Not all of the roughly 188 million Indonesian voters who will cast a vote in Indonesia’s legislative elections on 9 April will do so in one the cities, towns or villages across the archipelago. Around 2.25 million Indonesian citizens will vote at embassies and consulates in 130 countries around the world. Most overseas votes will be cast in Kuala Lumpur and Hong Kong, both countries with large numbers of Indonesian expatriate workers. The Electoral Commission is ambitiously aiming for a voter turnout of 75% amongst overseas voters in 2014, but this seems highly unlikely. In 2009, only 22% of eligible overseas voters chose to cast a vote.
Understandably, many Indonesians residing in a foreign country are less likely to be sufficiently engaged with the political system to fill out a postal vote or make their way to a voting centre. But once they have chosen to cast a ballot, overseas voters have to endure a much less complicated process than their friends and family in Indonesia. Indonesian residents vote for four different assemblies – at the national, provincial and district/city level, in addition to the Regional Representative Council (Dewan Perwakilan Daerah, DPD), Indonesia’s Senate. Overseas voters, on the other hand, only get to cast a vote for the most important assembly at the national level, the People’s Representatives Council (Dewan Perwakilan Rakyat, DPR).
Although most Indonesians living overseas continue to hold a personal identity card (KTP) that ties them to their hometown, overseas voters don’t get to cast a vote in their hometown constituency. Instead, all votes that are cast at embassies and consulates around the world pour into the Jakarta II electorate (Daerah Pemilihan DKI Jakarta II), which includes the sub-electorates of Central Jakarta, South Jakarta and Overseas. In other words, the candidates that fill the seven DPR seats allocated to the Jakarta II electorate represent the roughly 2.2 million voters outside Indonesia as well as the 2.3 million Indonesians living in Central and South Jakarta. The almost even 50-50 split between urban Jakartans and expatriate Indonesians surely makes the Jakarta II electorate one of the country’s most diverse. And with its 4.5 million voters it is roughly twice as large as the average DPR electorate.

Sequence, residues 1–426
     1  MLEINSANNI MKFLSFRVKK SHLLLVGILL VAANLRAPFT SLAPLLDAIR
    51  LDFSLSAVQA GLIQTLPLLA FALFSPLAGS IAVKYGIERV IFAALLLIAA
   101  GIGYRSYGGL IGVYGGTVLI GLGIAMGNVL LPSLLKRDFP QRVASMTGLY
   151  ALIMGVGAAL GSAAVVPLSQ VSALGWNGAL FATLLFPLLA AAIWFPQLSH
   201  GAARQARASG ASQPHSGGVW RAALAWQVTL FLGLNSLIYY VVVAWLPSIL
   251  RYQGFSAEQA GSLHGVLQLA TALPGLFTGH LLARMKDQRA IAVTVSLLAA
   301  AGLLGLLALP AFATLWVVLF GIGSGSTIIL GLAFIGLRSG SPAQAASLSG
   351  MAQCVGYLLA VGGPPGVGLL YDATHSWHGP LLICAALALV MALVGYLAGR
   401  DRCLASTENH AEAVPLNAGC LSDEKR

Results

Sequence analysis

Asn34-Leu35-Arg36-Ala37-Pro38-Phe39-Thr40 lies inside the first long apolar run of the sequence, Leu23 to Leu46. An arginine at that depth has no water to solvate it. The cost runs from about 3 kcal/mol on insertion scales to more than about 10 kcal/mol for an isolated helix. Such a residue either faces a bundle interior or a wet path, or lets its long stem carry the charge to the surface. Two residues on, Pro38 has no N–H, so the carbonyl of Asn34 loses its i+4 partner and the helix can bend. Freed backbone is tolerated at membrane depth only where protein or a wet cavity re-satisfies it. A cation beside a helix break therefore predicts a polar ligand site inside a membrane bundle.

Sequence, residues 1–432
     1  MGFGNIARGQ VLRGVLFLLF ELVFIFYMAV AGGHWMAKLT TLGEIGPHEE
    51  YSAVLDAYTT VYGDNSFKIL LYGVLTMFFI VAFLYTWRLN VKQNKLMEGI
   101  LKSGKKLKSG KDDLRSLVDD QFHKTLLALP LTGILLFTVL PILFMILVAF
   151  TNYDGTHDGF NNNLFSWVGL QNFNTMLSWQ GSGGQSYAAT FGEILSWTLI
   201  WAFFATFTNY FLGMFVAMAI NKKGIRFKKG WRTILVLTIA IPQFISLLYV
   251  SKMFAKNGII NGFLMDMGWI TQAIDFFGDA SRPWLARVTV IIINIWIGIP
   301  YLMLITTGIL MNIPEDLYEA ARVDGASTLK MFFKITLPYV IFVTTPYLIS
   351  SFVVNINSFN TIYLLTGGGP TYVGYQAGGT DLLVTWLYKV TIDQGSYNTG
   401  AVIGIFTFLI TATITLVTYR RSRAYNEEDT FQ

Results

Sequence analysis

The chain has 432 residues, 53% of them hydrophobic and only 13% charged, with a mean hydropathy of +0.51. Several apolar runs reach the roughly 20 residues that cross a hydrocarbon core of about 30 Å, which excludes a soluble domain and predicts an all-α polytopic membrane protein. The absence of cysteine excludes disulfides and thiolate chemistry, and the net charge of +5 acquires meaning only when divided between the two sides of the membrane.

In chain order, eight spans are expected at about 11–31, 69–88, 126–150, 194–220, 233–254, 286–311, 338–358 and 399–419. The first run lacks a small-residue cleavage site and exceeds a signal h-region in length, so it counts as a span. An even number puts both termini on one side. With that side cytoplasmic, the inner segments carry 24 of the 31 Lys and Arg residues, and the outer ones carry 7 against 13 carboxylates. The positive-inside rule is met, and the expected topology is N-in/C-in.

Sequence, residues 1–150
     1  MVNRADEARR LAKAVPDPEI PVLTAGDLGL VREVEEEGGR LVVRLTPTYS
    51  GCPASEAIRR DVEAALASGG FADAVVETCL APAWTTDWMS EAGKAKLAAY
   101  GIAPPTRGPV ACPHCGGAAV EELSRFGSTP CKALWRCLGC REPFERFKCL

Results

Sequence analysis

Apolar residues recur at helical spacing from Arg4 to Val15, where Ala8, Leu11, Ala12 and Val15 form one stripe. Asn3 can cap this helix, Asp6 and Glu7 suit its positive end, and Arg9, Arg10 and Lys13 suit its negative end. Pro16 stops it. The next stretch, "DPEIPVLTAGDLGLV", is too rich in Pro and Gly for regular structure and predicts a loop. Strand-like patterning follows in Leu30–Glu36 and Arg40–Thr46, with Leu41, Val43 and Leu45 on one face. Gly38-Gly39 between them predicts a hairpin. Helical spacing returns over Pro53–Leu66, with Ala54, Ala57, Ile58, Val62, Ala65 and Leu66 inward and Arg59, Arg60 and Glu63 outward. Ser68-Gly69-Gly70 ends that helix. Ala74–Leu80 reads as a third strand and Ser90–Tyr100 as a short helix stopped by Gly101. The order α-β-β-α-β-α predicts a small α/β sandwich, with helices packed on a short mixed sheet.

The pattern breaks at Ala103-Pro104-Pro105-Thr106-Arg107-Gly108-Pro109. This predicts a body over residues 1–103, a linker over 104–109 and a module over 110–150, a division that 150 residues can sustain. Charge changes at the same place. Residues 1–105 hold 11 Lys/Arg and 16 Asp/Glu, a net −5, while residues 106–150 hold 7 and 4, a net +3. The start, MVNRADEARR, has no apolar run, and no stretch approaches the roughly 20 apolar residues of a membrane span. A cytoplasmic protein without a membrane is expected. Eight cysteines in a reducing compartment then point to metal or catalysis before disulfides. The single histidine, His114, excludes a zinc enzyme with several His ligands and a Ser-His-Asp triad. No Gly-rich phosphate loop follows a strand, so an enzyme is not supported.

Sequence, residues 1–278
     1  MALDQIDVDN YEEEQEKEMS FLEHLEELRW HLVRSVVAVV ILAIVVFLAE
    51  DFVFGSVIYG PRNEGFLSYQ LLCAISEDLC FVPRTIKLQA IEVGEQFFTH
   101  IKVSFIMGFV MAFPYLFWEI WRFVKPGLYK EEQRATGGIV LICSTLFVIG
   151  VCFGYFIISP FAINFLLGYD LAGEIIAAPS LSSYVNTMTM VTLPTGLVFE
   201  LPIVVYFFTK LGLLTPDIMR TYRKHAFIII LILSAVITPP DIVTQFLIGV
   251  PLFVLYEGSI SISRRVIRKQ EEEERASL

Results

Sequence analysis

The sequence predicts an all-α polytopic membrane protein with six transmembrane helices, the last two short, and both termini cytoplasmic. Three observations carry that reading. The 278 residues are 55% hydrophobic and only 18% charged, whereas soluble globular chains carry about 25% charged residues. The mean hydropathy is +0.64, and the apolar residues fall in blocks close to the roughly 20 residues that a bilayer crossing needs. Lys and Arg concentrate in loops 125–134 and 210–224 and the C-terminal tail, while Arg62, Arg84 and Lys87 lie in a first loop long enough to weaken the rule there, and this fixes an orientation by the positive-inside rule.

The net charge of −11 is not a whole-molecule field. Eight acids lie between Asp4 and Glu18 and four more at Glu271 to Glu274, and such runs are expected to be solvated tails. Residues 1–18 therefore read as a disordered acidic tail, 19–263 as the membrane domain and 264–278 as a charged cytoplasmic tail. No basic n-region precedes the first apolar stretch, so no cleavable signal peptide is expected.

Unsurprisingly, not everyone is happy about this arrangement. In recent years the Indonesian diaspora community has lobbied the government to create an entirely separate electorate that exclusively represent overseas residents. In 2012 a group of overseas residents even challenged the Constitutional Court to declare the current arrangement as unconstitutional. The petitioners argued that the elected representatives of the Jakarta II electorate don’t advance the concerns of overseas residents, and that, in any case, the 2 million overseas voters have completely different interests than the 2 million residents of Central and South Jakarta. Indeed, what does an urban slum dweller of Jakarta have in common with Indonesian students in Sydney, domestic workers in Kuala Lumpur and expats in Toronto? The Constitutional Courts wasn’t swayed by the expats, and upheld the arrangement.